2008 KU-CU football
Spodcasters Postgame: Colorado
The guys (Tom Keegan, Jesse Newell) give their observations following KU's 30-14 victory over Colorado. They also look ahead to next week, when the Jayhawks will take on an angry group of Oklahoma Sooners.
Sizing up the Sooners
In this week's episode of Going Deep, Matt Tait and Eric Sorrentino talk with Jake Trotter, Oklahoma beat writer for The Oklahoman. Trotter talks about the joys of covering one of the nation's top teams and, along with breaking down the matchup, offers the KU football team a little advice on how to survive the Sooners.
Kansas coach Mark Mangino made a promise shortly after his team's 30-14 victory over Colorado on Saturday at Memorial Stadium: The Jayhawks' struggling special teams would be improved. And quickly.
"I'll get that corrected," a visibly upset Mangino said. "If there's one thing that I do here during my tenure as head coach, I'm going to get these special teams squared away here.
"It's been a strong suit of our program since the day I came here. We've won some games over the years when we had lesser talent than the opponent, but we won the field-position battle, and we're not doing that.
"I'll make sure that we get that corrected. That is my No. 1 priority going into practice this week."
KU's special teams had difficulties in nearly every phase.
Daymond Patterson fumbled a punt return, and so did his replacement, Dexton Fields.
Jacob Branstetter missed a 39-yard field goal, and Marcus Herford averaged just 13 yards on two kickoff returns against Colorado, the worst kickoff-coverage defense in the nation.
"I think right now it's not the schemes, nor is it our ability, but it's more of our effort," KU safety and special-teamer Darrell Stuckey said. "I think we'll go out there, and we'll have to fight and find the people that want to be out there."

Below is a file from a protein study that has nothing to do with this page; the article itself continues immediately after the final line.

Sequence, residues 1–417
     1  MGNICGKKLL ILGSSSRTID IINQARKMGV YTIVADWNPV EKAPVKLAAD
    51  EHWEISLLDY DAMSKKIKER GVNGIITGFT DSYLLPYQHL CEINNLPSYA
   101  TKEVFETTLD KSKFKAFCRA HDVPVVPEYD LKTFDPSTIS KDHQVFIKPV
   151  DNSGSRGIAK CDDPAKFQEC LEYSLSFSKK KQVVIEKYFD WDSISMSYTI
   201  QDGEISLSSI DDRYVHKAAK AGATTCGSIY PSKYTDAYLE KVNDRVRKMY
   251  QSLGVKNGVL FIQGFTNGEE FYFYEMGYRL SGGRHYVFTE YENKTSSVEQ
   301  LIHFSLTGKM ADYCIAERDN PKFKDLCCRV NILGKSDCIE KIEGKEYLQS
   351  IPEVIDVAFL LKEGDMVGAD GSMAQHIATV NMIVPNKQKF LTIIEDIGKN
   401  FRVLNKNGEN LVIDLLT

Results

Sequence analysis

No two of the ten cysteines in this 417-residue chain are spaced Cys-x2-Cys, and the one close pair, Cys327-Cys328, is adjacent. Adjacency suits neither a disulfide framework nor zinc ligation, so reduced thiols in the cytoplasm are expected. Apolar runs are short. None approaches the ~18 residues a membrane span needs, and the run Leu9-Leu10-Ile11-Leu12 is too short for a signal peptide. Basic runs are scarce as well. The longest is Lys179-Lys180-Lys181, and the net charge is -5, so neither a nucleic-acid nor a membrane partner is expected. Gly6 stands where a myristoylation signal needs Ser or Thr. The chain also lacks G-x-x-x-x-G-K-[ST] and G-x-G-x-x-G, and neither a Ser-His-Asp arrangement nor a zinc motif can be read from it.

For the second straight week, KU's offense started nearly every first-half possession deep in its own territory.
The Jayhawks' average starting field position on their first five drives was their own 16-yard line.
"It's tough when you get the ball on the 10-, 15-yard line, because you have a limited playbook," KU quarterback Todd Reesing said. "You can't take too many risks and give them a short field. That was tough, and that was a lot of the reason we couldn't get things going in the first half, was because our field position was so poor.
"It isn't something that we can control on offense. We would like to get a little more help there on special teams."
In the past, Mangino has placed many of his offensive and defensive starters onto his special teams.
He said, because of injuries, there hadn't been as many regulars on the unit this year.
"We've given some guys an opportunity to get out there and play - given them a chance to get in the game, get a little sweat going, be a part of it and contribute," Mangino said. "Some guys have taken advantage of that, and others have not.
"After today's exhibition, I have to make changes, whether it's personnel or schemes or both. We're going to make changes.
"We're not going to do this any more."